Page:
Most disturbingly, many of these people insist the murdered children are still alive.
  4. Fragments of “evidence”, such as an Ed Chiarini visual aid “proving” that two Newtown parents who appeared on news broadcasts are actually paid actors from Florida, began to pop up on social networking sites, divorced from their wider (crazier) context. Seen in isolation, some of this “evidence” can seem quite intriguing and persuasive. As more and more average people are exposed to these free-floating factoids that have landed in the public square, many of them will be persuaded to believe there’s “something not right” about the Newtown massacre. And a new conspiracy industry may be born. There aren’t any celebrity endorsements so far (Dick Gregory must be otherwise engaged), but if we don’t get a Vincent Bugliosi to nip this thing in the bud, we could soon be watching a 12-part History Channel series on The Men Who Did Sandy Hook.

Correction: Spoke too soon about Dick Gregory. Here he is explaining what really happened.

Wednesday Weirdness Roundup: Wannabe Rappers

rap

  • I have seriously lost track of the number of YouTube vids and homemade documentaries that attempt to expose the supposed links between rap/hip-hop music and the Illuminati/Satanism. Run a YT search for “sold out to Illuminati” and you’ll see what I mean – there are even vids explaining how 2Pac was assassinated because he wasn’t souled out to The Man. Or the Satanists. Or whatever. Then we have a certain citizen who is so vigilant against Illuminati brainwashing in pop music that he can’t even identify himself, lest the Devil-worshipers decide to take him out for exposing their sinister use of, um, dolls and kittens.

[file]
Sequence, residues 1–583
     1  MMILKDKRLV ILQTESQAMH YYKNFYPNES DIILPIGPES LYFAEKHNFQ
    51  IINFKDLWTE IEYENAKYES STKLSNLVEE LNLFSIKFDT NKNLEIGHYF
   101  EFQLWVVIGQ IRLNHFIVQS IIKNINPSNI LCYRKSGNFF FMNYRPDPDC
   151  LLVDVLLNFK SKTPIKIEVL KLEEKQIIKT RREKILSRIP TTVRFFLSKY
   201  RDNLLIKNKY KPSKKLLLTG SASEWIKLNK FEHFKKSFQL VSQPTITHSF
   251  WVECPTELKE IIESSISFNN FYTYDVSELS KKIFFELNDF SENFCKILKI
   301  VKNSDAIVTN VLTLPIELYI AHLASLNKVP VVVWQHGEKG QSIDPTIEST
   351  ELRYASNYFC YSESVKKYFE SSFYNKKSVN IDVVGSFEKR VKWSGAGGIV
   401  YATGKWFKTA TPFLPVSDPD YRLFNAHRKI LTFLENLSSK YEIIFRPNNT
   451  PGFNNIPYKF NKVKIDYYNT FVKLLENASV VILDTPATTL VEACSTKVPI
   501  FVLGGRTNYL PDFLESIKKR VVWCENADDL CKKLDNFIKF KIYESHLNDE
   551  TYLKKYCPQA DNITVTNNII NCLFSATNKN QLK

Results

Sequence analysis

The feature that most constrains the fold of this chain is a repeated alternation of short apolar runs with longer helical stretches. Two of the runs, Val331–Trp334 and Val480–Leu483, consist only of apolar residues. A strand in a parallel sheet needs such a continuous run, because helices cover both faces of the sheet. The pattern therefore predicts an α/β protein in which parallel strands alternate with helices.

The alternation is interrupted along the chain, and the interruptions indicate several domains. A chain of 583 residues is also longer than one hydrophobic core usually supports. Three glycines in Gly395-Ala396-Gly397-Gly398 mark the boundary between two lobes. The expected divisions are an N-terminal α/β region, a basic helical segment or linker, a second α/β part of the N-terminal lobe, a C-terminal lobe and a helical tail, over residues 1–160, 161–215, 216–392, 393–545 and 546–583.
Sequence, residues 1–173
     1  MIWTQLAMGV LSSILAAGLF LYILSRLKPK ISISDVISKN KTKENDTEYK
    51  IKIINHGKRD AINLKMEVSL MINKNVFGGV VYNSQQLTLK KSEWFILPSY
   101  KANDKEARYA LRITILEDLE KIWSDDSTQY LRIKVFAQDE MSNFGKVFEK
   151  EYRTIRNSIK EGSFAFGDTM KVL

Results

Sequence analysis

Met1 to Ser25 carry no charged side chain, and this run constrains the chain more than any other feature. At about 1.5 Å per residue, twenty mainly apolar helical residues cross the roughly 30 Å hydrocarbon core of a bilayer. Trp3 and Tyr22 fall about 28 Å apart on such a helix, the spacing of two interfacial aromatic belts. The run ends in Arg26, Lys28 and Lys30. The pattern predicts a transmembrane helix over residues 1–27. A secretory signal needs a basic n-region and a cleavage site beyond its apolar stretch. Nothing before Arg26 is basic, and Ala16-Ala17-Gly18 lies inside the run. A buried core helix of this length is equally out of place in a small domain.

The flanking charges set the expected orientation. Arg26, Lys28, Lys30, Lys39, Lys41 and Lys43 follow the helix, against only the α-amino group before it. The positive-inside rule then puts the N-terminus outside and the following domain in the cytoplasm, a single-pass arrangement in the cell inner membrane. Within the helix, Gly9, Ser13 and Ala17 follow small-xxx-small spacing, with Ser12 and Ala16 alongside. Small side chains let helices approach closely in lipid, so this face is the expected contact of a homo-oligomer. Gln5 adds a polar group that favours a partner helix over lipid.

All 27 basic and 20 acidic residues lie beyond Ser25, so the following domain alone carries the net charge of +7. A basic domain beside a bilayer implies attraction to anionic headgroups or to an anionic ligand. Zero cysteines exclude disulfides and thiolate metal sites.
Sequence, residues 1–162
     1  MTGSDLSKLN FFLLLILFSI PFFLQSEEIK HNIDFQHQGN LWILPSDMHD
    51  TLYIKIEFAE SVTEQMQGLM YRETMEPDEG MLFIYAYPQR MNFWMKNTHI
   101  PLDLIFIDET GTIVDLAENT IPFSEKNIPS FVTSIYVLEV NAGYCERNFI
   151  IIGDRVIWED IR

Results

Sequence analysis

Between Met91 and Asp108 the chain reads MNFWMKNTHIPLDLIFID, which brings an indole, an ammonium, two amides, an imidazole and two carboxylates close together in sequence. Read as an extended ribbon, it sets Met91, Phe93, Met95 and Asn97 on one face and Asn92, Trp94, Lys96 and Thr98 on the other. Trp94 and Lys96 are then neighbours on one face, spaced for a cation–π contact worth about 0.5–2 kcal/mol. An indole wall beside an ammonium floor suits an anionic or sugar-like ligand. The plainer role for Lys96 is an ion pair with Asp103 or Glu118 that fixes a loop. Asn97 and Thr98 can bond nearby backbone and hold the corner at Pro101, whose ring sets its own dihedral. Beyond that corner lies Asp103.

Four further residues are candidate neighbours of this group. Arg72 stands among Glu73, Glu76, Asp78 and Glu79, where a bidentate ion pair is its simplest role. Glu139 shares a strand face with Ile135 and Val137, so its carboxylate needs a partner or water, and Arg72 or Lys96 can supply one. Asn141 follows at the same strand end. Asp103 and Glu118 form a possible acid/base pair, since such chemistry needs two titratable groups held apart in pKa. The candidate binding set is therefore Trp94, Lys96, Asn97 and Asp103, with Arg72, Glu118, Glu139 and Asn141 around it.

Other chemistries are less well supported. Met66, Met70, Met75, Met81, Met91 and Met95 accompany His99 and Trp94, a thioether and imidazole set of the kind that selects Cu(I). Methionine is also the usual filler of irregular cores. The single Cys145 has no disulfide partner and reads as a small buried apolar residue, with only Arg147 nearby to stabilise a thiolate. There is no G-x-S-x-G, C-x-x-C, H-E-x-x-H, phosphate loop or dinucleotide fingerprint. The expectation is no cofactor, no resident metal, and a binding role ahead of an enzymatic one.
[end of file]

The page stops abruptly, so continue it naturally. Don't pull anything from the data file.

The basic premise of the Pop Illuminati theory is that in order to get anywhere near the top of the heap in the worlds of entertainment or sports, artists and athletes have to pledge abject devotion to the Illuminati, and/or literally sign their souls over to Satan. Talent, taining, luck, management, connections, good timing – that’s all bollocks. It’s really about what you’re willing to do for the Jews. I mean the Illuminati. Did I say Jews? Ha ha, no, that’s silly, the Pop Illuminati theory isn’t anti-Semitic. Not even a little bit.